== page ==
This post will cover the key design considerations when insulating a floor to achieve a good fabric performance.

When it comes to heat loss through the building envelope, floors are fairly low risk.  Only about 15% of heat for an average three bedroom domestic home is lost through floors. This is because heat naturally rises and is lost through other elements such as the roof, walls, doors and windows.  In fact I was reading through some old Part L documents and  up until as recently as 1990, very little insulation was required for ground floors. I could only read this and look amazed as I mentally filed this  information under History.

As alien as it seems that part of a building envelope went with little insulation it highlighted to me a stark contrast in today’s requirements.  The recent changes to Part L 1A for new domestic homes include a second target measuring the energy consumption of a building known as TFEE.  Specifiers are now able to reference a new notional building also introduced for the first time offering guidelines on key areas to focus on to achieve a good fabric performance.  As part of the notional build it requires floors to have the same U-value as a roof 0.13W/m2K.  This establishes the floor as an essential part of the thermal envelope.

There are a number of different floor designs including in-situ ground bearing. This is when the concrete slab is cast directly in contact with sand blinded compacted hardcore. Suspended floors are used when conditions are unsuitable for in-situ methods.  These include suspended beam and block or concrete beams.  There are parts of the building envelope that have habitable rooms over unheated spaces, for example, a concrete soffit or a timber floor.

So, what are the key design considerations when insulating a floor to achieve a good fabric performance?

The perimeter and area ratio

The perimeter and area ratio is not directly linked to energy consumption in the same way as thermal mass and thermal bridging is but it is required when calculating a U-value. This only applies to a ground floor, whether its insitu or suspended. Heat loss can vary considerably from building to building.   As heat is lost mainly around the floor edges the amount lost is related to the size of the floor and the exposed edges. We model this variation with a simple perimeter to area calculation. It means dividing the exposed internal perimeter in linear metres by the floor area in m2 to give the PA. The higher the ratio the more exposed edges a floor has and so the more insulation is required to meet the target U-value.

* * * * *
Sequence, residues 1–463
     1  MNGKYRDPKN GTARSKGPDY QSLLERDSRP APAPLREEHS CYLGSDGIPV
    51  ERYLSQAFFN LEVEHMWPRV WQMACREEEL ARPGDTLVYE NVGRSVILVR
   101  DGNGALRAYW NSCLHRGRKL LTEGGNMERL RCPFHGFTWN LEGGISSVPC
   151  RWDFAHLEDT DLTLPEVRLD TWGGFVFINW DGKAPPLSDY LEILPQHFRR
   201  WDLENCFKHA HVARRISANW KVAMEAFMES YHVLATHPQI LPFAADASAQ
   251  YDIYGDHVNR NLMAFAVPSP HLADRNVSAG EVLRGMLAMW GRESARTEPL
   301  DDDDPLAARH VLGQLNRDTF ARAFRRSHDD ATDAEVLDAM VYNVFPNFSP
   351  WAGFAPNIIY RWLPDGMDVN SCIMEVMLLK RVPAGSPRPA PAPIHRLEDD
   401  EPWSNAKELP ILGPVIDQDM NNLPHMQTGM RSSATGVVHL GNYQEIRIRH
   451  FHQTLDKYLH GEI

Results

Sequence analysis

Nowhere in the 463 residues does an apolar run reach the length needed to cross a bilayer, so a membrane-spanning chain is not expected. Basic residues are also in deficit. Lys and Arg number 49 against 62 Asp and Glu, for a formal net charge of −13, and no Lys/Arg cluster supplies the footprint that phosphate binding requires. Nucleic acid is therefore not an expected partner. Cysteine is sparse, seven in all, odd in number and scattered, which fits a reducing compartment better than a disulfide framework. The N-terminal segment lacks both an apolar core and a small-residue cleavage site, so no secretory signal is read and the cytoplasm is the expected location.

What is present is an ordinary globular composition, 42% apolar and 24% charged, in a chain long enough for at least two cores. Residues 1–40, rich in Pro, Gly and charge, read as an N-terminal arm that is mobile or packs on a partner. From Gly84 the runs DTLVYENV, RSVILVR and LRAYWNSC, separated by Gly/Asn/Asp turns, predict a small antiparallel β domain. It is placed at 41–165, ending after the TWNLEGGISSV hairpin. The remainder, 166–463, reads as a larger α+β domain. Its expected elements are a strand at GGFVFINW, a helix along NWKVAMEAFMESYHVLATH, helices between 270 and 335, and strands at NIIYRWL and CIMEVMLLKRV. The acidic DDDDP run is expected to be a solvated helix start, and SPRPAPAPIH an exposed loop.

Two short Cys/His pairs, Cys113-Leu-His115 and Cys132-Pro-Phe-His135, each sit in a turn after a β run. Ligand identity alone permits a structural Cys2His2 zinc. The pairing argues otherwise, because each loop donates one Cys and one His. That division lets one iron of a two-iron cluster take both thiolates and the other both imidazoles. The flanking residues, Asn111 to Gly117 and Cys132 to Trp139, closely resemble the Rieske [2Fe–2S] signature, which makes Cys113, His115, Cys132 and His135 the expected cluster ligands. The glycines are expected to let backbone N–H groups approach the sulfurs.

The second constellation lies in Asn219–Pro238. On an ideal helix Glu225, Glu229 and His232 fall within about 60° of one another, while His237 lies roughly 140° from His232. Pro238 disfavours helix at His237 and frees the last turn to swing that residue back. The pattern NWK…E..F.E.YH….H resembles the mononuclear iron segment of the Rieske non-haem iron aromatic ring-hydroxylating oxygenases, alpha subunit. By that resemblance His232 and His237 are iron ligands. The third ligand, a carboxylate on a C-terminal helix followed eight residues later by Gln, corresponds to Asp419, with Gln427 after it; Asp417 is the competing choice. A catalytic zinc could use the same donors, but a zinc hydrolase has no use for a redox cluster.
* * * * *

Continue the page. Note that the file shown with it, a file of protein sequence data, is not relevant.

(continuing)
Thermal mass and energy consumption

This can be understood as fabric energy storage or the ability of the internal floor surfaces to absorb and store energy.  This applies to insitu ground floor slabs. Celotex FR5000 can be positioned both above and below the slab.  The position of the insulation influences the potential fabric energy storage or thermal mass of the floor.

When the insulation is positioned below the slab it means the slab itself is coupled with the internal room temperature increasing fabric energy storage or high thermal mass. This has a higher demand on energy as the surface temperature of the slab takes longer to warm through.  This means the room takes longer to feel warm because when the heating is switched on it has a slow response time. The advantage is when the heating is turned off the slab releases all the stored energy back into the room and this gives for a more constant or even room temperature maintaining feelings of thermal comfort.

Alternatively, Celotex FR5000 can also be installed above the slab.  Celotex will require a 65mm thickness of screed to provide a stable floor substrate for finished floor surfaces. Another option instead of screed is an 18mm – 22mm tongue and groove floating chipboard floor.

This gives for a quicker response time as floors designed this way have a reduced fabric energy storage or low thermal mass demanding less energy or heating. The floor surface heats up quickly and so the room will warm up more quickly too. It also also means the room cools down quickly when the heating is switched off. This is more suited to a house with intermittent heating.

Thermal junctions

The following statement has been taken directly out of Part L 1A